Ok, I've dug into PCD2, and while it's there, it shouldn't be run. at all.

 

While files can still be made with it, the PCD2 authoring system has "year" issues, and won't work much beyond approximately 1986, it looks like.

 

I verified this by creating a nameset to the PCD2 specifications, and going into the environment. While editing appears to work, the authoring environment will crash at different points in the program, corrupting ECS and CM, and leave the system in an unusable state (nobody can log on). The only fix is to literally stop MASTOR, idle NAM, unlock, checkpoint the system, step, shut down, and do a fresh deadstart of the machine.

 

I will ask anyone who is on IRATA to PLEASE not use PCD2, as its crashes literally affect everybody on the system.

 

-Thom

So it works with the date set back to before 1986?

 

If anyone else wants to try figuring out how to use this, download your own copy of CYBIS at http://www.control-d...bisRelease.html so we don't crash IRATA.



#11 Ksarul OFFLINE  

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Posted Fri Apr 6, 2018 5:13 AM

That is some very useful information on PCD2. Based on some data I tracked down in another thread, it also appears that a version of PTERM for the TI also existed (and a copy of that survived as well--Klaus has it).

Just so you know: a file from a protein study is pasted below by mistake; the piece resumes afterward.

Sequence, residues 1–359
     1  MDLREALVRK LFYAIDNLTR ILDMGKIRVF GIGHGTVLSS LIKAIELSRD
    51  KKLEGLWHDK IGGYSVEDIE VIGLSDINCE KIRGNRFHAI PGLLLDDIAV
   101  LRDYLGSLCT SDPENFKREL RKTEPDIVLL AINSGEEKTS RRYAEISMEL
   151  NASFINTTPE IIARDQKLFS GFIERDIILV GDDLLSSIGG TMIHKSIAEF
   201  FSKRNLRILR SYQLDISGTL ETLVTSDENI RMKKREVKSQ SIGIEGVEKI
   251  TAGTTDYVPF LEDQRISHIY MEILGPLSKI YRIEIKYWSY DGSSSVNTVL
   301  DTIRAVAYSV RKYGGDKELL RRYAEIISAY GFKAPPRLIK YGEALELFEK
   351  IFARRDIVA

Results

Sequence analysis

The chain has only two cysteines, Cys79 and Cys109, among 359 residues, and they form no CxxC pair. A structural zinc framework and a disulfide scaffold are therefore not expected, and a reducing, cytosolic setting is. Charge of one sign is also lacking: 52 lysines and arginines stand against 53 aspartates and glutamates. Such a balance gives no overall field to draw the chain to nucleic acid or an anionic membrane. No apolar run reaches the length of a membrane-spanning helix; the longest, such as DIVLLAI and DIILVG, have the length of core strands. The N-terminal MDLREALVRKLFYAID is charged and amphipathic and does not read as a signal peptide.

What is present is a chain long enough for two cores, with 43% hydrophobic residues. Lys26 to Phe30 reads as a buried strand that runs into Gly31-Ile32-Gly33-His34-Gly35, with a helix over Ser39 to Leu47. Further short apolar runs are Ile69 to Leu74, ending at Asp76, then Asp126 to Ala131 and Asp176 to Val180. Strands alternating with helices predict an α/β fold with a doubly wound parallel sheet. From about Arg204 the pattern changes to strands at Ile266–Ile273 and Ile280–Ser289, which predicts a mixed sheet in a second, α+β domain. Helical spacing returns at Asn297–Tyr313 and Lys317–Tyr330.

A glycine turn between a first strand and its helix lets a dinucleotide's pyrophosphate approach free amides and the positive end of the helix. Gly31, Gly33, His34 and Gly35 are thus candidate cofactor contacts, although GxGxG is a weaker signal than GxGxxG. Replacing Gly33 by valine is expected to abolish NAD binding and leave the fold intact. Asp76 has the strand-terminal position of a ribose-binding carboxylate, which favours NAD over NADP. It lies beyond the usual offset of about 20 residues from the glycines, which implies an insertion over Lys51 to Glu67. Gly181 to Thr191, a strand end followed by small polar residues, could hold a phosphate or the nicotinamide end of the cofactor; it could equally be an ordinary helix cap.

#12 tschak909 OFFLINE  

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Posted Fri Apr 13, 2018 6:24 PM

I've scheduled two more Google meets for:

 

Saturday, April 14th, 10am to 12pm

Sunday, April 15th, 10am to 12pm

 

Details on the website. :)

 

-Thom



#13 tschak909 OFFLINE  

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Posted Tue Apr 17, 2018 11:41 AM

Next IRATA.ONLINE meets are on Apr 21, and Apr 22, at 10am to 12pm CDT for both days. Google Meet links on http://www.irata.online/

 

I want to talk to TI-99 programmers, to try and get a terminal written for these machines, as I am very familiar with the protocol, as I am finishing an Android implementation.

 

-Thom



#14 kl99 OFFLINE  

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Posted Thu Apr 19, 2018 8:04 AM

there is a lot of terminal software for the TI-99.

there is also emulation of a TI 820 and a TI 911 Terminal.

Nevertheless I assume you are talking about a specific TE.

 

with my 99/8 unit came a lot of software from the former owner and TI employee who was involved in testing Plato software it seems.